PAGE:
I am glad you asked about InnoDB and the Query Cache.
IMHO They should never come up in the same sentence or the same conversation. Please forgive the my use of them in the first sentence.
All joking aside, I have addressed in the DBA StackExchange many times
Here is my
Jun 11, 2014 post as to why it should be disabled (with exceptions)
According to the MySQL Documentation on Query Cache States
This state occurs while a session is waiting to take the query cache lock. This can happen for any statement that needs to perform some query cache operation, such as an INSERT or DELETE that invalidates the query cache, a SELECT that looks for a cached entry, RESET QUERY CACHE, and so forth.
This is definitely a huge problem with InnoDB tables because InnoDB mechanisms make inroads on the query cache. I wrote about this phenomenon before
There are some options you have in this
You could disable the query cache completely
SET GLOBAL query_cache_size = 0;
If all queries against InnoDB tables are satisfactory thereafter, then add this to
query_cache_size = 0;
If you really want a bigger query cache, perhaps you should place limits on how big entries should be
- You could raise query_cache_min_res_unit. It's default is 4K. If you set this higher, this will prevent small results from being in the query cache. This will reduce the overall number of entries in the query cache.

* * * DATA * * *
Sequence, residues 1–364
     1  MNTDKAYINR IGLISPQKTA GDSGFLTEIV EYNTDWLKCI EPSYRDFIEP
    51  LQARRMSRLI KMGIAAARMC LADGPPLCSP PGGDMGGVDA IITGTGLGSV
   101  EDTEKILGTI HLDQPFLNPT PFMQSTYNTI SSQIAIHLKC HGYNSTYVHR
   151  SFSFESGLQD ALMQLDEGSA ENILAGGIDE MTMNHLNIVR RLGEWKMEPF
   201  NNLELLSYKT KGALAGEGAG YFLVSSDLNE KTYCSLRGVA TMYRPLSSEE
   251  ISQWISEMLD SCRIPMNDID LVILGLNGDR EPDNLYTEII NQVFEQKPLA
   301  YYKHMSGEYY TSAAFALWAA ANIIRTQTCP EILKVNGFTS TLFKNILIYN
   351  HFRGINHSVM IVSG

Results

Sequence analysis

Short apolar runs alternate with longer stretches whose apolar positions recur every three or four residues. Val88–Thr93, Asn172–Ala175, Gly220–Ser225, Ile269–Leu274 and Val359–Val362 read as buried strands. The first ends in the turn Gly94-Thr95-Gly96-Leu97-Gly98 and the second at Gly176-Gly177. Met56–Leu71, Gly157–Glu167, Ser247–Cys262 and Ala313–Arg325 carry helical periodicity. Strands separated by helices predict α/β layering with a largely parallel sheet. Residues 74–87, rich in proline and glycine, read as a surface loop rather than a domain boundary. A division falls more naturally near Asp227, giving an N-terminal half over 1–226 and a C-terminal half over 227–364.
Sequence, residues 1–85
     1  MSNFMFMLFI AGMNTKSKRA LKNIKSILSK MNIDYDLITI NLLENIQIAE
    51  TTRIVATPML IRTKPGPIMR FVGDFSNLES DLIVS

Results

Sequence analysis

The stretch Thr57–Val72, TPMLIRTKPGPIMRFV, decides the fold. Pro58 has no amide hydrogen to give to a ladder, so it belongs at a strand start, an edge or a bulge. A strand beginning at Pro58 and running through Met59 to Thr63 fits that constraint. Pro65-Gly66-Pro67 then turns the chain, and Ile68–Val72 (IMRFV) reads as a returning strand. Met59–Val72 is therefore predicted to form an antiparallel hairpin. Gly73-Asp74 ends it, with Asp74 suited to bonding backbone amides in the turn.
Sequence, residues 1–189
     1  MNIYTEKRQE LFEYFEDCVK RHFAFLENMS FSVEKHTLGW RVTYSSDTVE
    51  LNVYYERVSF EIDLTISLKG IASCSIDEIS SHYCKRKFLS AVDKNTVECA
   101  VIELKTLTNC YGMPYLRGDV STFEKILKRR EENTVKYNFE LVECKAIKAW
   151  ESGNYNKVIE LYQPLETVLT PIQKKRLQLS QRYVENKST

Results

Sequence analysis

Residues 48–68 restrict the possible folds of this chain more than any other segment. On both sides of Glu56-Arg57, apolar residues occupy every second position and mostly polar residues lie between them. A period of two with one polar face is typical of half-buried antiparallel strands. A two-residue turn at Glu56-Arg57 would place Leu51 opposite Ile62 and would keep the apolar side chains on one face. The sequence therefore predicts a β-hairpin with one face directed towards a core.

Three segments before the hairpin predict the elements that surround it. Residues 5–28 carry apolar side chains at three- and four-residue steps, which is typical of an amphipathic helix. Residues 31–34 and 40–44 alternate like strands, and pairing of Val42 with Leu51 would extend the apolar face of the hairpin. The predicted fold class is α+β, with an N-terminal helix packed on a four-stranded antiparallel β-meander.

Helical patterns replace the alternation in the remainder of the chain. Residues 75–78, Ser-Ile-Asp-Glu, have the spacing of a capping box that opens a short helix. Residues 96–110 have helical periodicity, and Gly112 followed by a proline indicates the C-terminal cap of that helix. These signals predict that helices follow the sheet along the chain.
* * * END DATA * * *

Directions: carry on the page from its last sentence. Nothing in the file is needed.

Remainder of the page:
- You may want to change query_cache_limit. It's default is 1M.
Changing those options can allow you to dictate the minimum number of query cache entries.
For example, if you set the following
query_cache_size = 2G
query_cache_min_res_unit = 64M
query_cache_limit = 128M
This will limit the number of query cache entries
- Minimum of 16 (2G / 128M)
- Maximum of 32 (2G / 64M)
If you really know your data workload and throughput, you could experiment with the limits.
YOUR ACTUAL QUESTION
Is enabling MySQL query_cache_size Innodb Lock Safe ?
Yes it is. In fact, InnoDB can be a real control freak in this respect when your make the Query Cache too large. While the blanket answer for this is to leave query_cache_size = 0, it is possible to intelligently size it for your dataset and workload.